Bank of Mexico governor says pace of hikes could change as needed

ACAPULCO, Mexico, March 25 (Reuters) – The Bank of Mexico does not need to strictly follow the U.S. Federal Reserve’s planned interest rate hike path and can tighten monetary policy at its own pace as it seeks to curb inflation, the central bank governor said. Reuters on Friday.

The five-member board of Banxico, as the central bank is known, voted unanimously to raise the benchmark interest rate by 50 basis points to 6.5% on Thursday, the seventh straight hike. It was also the third consecutive increase of 50 basis points. Read more

“We are of course concerned first about the inflation we are seeing,” said Victoria Rodriguez, who took over the reins at Banxico in January, in an interview on the sidelines of an annual banking conference in the seaside resort of Alicante. Acapulco.

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She noted that the policy trajectory of the Fed was an “important variable” for Mexico but not the only one and that inflation had been rising for 15 consecutive months.

“It’s not like we decided beforehand to match one by one” the Fed’s expected rate hikes, Rodriguez said.

Inflation reached 7.29% in the first half of March, slightly lower than the previous two-week period, but more than double Banxico’s target rate of 3%. The bank has a tolerance margin of one percentage point above and below the target.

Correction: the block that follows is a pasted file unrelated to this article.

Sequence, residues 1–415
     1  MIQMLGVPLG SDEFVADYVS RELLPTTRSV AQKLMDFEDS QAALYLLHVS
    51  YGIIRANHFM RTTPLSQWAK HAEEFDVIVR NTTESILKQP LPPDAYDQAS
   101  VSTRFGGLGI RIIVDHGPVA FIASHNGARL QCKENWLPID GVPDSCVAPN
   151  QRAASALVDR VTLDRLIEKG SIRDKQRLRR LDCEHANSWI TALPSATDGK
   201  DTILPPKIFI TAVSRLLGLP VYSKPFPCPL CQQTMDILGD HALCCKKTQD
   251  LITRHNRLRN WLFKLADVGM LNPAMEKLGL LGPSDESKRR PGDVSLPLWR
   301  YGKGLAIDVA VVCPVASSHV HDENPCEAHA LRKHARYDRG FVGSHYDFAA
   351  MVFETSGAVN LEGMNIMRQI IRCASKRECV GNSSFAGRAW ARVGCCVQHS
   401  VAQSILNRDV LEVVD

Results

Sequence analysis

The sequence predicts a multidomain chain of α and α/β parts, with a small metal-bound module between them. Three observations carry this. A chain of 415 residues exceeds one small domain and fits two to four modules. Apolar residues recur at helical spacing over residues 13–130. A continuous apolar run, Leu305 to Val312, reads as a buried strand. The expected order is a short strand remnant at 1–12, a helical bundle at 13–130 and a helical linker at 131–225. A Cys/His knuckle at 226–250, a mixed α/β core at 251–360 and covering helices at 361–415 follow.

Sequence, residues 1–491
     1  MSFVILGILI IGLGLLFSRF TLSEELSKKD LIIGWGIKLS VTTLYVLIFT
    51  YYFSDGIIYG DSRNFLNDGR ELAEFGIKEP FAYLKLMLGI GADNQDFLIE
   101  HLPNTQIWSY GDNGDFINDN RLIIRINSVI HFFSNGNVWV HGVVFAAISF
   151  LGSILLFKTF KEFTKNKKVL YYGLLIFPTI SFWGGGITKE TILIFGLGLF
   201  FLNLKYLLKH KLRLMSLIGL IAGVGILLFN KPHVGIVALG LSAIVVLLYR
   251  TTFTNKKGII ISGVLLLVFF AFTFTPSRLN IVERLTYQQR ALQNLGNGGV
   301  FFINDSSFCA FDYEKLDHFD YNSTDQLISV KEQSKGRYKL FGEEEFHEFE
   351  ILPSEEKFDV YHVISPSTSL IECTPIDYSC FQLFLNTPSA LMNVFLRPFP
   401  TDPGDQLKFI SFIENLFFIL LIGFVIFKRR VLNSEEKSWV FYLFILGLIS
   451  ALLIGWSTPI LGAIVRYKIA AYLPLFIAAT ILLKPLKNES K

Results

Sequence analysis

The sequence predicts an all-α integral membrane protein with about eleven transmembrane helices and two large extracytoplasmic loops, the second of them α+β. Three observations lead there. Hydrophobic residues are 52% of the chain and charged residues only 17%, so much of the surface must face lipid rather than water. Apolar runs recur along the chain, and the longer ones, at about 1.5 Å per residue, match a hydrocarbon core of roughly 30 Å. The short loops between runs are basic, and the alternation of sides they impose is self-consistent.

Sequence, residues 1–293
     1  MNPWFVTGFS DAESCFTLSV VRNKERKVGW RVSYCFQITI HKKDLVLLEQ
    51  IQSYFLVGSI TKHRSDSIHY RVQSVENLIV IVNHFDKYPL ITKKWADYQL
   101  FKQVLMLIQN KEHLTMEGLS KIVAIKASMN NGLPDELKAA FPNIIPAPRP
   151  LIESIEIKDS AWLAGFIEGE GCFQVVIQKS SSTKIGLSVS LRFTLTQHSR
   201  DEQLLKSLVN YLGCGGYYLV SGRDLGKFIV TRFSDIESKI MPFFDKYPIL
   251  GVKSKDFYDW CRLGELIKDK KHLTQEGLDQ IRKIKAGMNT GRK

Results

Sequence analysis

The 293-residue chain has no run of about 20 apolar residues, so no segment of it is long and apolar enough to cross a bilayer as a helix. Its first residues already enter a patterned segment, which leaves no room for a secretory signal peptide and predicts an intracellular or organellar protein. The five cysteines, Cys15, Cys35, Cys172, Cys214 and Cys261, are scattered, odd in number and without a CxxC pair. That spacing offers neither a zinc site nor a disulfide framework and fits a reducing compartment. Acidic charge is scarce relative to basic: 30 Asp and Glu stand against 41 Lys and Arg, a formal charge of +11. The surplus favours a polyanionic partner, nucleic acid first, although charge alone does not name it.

“We don’t know yet if we’re going to maintain this pace (of rate hikes) or another. That will be what is needed to meet our mandate of a 3% inflation target,” Rodriguez said.

Rodriguez expects inflation to peak in the first half of 2022 and then begin a downward trajectory towards the target in the first quarter of 2024.

However, risks and uncertainty increased following Russia’s invasion of Ukraine, which fueled higher energy and grain prices.

“As far as inflation is concerned, there could be a significant impact…we will pay attention to what is happening and if we see an impact on inflation, we will take the necessary measures,” Rodriguez said.

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Reporting by Anthony Esposito; Editing by Sandra Maler and Sam Holmes

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